III. Defendant's Motion

         Defendant argues that Plaintiff has failed to establish he acted with deliberate indifference. See Doc. 64 at 12-17. Defendant does not contest that Plaintiff had a serious medical need. But he argues that even assuming Plaintiff could establish that Defendant had the requisite subjective awareness of a substantial risk of harm, he “has failed to establish that [Defendant] disregarded that risk by failing to take reasonable measures to abate it by conduct that constituted ‘more than gross negligence.'” Id. at 12-13.[2] Defendant contends that he provided Plaintiff with appropriate and timely medical care: “he evaluated Plaintiff; he took measurements and made impressions of Plaintiff's feet; he ordered boots and replacement inserts, he provided the same to Plaintiff and fitted the prosthetic to his satisfaction; when Plaintiff later complained the prosthetic didn't fit, he endeavored to create a new one; he took new measurements and impressions; he refurbished Plaintiff's old prosthetic; and he created an entirely new prosthetic.” Id. at 14. According to Defendant, “[a]t the very worst, Defendant failed to construct a properly-fitting prosthetic, requiring follow-up appointments to achieve a better fit.” Id. at 15. He further submits that there is no evidence that he “willfully endeavored to prevent [Plaintiff] from obtaining the right type of orthopedic boot, ” “was personally responsible for the delay in scheduling Plaintiff to be seen or provided with his prosthetic, ” or “was personally responsible for denying Plaintiff's requests to be transported to Hanger's Gainesville office to have the prosthetic fitted.” Id. at 16.

         IV. Plaintiff's Response

         Plaintiff argues that Defendant was deliberately indifferent to his serious medical needs by denying Plaintiff his prosthetic from March 9, 2017 to December 14, 2017. Doc. 66 at 1. He further argues that Defendant had “substandard prosthetic inlays built by Dr. Comfort Laboratories that he knew were built wrong and would not be sufficient for Plaintiff's needs.” Id. at 2. He asserts that Defendant had Comfort Laboratories build the prosthetic instead of doing it himself because it was cheaper and quicker. Id. at 11. And, despite knowing that the prosthetic was built incorrectly, Defendant “insisted that Plaintiff either accept and try [the] prosthetic (for 30 days) or sign a medical refusal.” Id. at 8; see also id. at 12. “Defendant forced Plaintiff to ‘try it out for 1 month' and he would have Plaintiff return to brace clinic for a follow up appointment [] at which time he would bring tools to adjust the prosthetic.” Id. at 8. “Had Defendant Lang not forced Plaintiff Baxter to try the incorrectly built prosthetic inlay, ” Plaintiff's skin graft would not have been irreparably damaged. Id. at 9. He also claims that despite being provided with information on the correct style of boots on multiple occasions, Defendant “purposefully order[ed the] wrong style of boots, thereby adding another delay in treatment.” Id. at 2; see also id. at 11.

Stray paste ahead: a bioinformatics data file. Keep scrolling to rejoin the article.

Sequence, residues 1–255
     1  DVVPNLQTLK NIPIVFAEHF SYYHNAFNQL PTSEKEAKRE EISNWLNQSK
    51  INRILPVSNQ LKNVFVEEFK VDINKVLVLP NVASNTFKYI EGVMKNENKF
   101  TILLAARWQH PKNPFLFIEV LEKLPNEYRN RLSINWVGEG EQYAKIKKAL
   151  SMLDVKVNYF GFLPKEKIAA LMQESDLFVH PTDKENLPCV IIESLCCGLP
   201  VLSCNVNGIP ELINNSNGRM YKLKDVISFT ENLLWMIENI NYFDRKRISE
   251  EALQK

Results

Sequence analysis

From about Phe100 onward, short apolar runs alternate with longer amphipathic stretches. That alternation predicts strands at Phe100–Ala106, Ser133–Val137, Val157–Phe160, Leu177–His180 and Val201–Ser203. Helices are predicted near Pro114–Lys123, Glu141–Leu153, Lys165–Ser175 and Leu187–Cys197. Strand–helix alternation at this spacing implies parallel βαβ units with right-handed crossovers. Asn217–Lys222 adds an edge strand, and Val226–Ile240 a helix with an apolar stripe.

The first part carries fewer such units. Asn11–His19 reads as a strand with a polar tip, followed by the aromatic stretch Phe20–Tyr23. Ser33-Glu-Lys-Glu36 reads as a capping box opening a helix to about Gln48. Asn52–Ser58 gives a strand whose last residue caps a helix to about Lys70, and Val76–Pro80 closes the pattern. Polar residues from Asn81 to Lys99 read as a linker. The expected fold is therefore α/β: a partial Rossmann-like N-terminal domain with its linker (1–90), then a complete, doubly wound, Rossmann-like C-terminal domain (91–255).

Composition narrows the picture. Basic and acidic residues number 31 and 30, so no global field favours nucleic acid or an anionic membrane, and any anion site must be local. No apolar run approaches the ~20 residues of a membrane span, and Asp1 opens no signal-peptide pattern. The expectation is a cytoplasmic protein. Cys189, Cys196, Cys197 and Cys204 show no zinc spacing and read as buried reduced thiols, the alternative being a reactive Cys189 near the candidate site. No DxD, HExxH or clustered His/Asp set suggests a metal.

Plaintiff asserts that Defendant had subjective knowledge of his actual pain and suffering, because Plaintiff told Defendant at numerous appointments and “literally begged Defendant Lang to return his prosthetic to him.” Id. at 2. He contends that Defendant lied in his treatment notes and to him, id. at 2, 3, 8, and that “[f]or some deliberate unknown reason [Defendant] did everything he could to delay and deny the Plaintiff of his old prosthetics and the new ones he was contracted to provide.” Id. at 4. According to Plaintiff, Defendant's deliberate indifference subjected Plaintiff to chronic pain and suffering for nine months, damaged his skin graft, caused him to be removed from a vocational training program, [3] and required him to use a back brace, walking cane, and regular insoles.[4] Id. at 4-5, 10.

         V. Standard of Review

         “‘Summary judgment is appropriate where there is no genuine issue as to any material fact and the moving party is entitled to judgment as a matter of law.'” Hinkle v. Midland Credit Mgmt., Inc., 827 F.3d 1295, 1300 (11th Cir. 2016) (quoting Jurich v. Compass Marine, Inc., 764 F.3d 1302, 1304 (11th Cir. 2014)); see Fed.R.Civ.P. 56(a). “A genuine issue of material fact exists when the evidence is such that a reasonable jury could return a verdict for the nonmoving party.” Bowen v. Manheim Remarketing, Inc., 882 F.3d 1358, 1362 (11th Cir. 2018) (quotations and citation omitted); see Hornsby-Culpepper v. Ware, 906 F.3d 1302, 1311 (11th Cir. 2018) (“Where the record taken as a whole could not lead a rational trier of fact to find for the non-moving party, there is no genuine issue for trial.” (quotations and citation omitted)). In considering a ...